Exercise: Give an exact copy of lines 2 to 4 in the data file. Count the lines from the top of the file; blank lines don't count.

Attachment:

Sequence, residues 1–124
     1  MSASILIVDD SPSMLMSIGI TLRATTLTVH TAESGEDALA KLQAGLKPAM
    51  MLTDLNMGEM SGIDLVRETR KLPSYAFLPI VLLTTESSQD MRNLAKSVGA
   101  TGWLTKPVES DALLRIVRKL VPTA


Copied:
     1  MSASILIVDD SPSMLMSIGI TLRATTLTVH TAESGEDALA KLQAGLKPAM
    51  MLTDLNMGEM SGIDLVRETR KLPSYAFLPI VLLTTESSQD MRNLAKSVGA
   101  TGWLTKPVES DALLRIVRKL VPTA